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I want to create a program that does remote installs. I'd like to be able to have a window launch at the start of each installation and give a progress bar with the approximate progress of the job.

If I create the window off the main thread I can access all of it's elements but it's not responsive due to the task of actually running the install. If I launch the window in a new thread I can't seem to get the main thread to recognize any of the elements in the window so I can't update the progress bar.

How can I create a multi-threaded UI that is responsive?

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Just made a heavier edit than I normally do, but got rid of the chattiness. I hope what I left is the actual question. –  John Saunders Jul 31 '11 at 0:23
    
BTW, I assume this is a WinForms application and not WPF? –  John Saunders Jul 31 '11 at 0:23

2 Answers 2

up vote 0 down vote accepted

To keep the UI responsive with a second thread (that's doing the work) and be able to update the UI from the second thread, you'll need to use Invoke on the controls. There's a number of code snippets available out there.

Here's a short example: How can I update my user interface from a thread that did not create it?

You can find dozens of examples here on SO as well - just do a search :)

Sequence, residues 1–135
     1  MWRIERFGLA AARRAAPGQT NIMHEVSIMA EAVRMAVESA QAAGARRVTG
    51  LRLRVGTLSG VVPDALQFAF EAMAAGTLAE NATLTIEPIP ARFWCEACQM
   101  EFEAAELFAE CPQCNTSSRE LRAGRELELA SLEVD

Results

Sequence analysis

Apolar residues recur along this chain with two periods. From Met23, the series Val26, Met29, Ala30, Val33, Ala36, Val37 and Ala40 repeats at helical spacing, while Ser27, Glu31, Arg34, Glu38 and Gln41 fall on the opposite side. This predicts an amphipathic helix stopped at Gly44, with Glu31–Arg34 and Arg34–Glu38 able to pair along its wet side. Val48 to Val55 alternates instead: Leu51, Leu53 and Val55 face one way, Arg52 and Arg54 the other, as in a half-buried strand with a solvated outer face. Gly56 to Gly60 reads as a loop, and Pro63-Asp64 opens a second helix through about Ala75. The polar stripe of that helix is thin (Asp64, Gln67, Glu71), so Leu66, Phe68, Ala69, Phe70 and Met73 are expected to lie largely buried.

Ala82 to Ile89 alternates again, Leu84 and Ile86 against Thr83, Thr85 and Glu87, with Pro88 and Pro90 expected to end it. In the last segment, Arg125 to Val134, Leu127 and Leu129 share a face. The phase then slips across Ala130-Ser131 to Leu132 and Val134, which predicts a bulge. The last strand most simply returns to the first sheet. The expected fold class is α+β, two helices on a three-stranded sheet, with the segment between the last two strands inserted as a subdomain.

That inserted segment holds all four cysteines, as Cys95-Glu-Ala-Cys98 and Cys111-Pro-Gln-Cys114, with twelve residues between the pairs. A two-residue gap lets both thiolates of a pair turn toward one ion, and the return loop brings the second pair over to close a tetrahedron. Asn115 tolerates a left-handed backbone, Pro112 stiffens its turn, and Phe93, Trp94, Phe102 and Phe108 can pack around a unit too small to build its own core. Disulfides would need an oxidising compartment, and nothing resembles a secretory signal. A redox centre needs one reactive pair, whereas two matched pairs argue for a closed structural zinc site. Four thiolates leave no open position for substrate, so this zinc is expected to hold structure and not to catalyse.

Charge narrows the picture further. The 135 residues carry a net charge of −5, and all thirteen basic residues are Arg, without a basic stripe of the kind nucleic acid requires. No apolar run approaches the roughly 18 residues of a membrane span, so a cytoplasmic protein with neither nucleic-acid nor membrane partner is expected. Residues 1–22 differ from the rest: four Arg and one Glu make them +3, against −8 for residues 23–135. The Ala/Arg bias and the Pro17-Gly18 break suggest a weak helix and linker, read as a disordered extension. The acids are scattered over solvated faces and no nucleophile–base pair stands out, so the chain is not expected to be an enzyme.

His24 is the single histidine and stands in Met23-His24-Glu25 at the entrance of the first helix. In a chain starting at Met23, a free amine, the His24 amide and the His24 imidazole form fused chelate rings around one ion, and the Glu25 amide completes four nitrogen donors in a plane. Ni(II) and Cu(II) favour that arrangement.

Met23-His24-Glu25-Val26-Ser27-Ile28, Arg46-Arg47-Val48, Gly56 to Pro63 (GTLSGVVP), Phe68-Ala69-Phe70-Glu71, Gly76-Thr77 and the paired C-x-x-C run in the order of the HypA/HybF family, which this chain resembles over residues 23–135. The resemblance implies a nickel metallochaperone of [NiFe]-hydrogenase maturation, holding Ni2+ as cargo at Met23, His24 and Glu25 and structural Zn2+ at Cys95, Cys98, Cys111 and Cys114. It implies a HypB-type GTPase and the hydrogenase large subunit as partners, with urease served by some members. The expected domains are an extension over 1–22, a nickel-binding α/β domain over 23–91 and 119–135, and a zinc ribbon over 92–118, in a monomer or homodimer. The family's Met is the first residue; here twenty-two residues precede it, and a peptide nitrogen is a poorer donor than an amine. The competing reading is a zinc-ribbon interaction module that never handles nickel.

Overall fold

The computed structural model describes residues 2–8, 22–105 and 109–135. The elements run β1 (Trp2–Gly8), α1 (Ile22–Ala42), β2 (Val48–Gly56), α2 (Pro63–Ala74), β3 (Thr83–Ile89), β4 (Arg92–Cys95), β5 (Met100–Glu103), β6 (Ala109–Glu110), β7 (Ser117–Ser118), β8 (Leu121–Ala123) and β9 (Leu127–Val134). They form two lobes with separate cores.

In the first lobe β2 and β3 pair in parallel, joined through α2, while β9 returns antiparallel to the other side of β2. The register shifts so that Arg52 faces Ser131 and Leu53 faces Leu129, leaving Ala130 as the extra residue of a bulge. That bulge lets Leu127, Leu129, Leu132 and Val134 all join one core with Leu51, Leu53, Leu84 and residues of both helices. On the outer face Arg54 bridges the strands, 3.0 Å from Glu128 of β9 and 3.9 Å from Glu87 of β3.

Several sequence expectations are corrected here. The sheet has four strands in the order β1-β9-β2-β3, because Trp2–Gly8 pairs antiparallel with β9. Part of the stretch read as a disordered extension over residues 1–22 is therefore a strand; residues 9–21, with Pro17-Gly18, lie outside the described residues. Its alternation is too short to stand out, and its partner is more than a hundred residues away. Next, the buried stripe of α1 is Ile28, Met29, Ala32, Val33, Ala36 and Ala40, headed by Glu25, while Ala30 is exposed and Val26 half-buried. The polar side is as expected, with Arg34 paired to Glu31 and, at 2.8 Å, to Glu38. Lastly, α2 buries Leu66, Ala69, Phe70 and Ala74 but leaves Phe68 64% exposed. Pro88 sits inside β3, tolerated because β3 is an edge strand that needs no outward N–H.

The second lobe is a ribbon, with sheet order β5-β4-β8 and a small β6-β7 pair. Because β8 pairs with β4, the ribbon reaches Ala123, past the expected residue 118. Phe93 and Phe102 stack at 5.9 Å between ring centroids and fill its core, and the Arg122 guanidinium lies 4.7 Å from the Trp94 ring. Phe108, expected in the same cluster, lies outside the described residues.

Here's another similar question on SO today - cross threading problem - there's a code example in one of the answers.

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There's a simple way to access UI controls from other threads safely - to call lambda with Control.BeginInvoke(lambda) method. For example, suppose you have WinForms application with one form and progress bar with button on it. When button is clicked - some imaginary work is going on in separate thread and progress bar should be updated. The simplest would be to write something like that:

private void button1_Click(object sender, EventArgs e)
{
    ThreadStart s = () =>
    {
        for (int i = 0; i <= 10; i++)
        {
            Action a = () => progressBar1.Value = i * 10;
            BeginInvoke(a);
            Thread.Sleep(300); // imitate some workload
        }
    };
    var t = new Thread(s);
    t.Start();
}

The same result could be achieved with BackgroundWorker or other techniques, but this is the most simple as for me.

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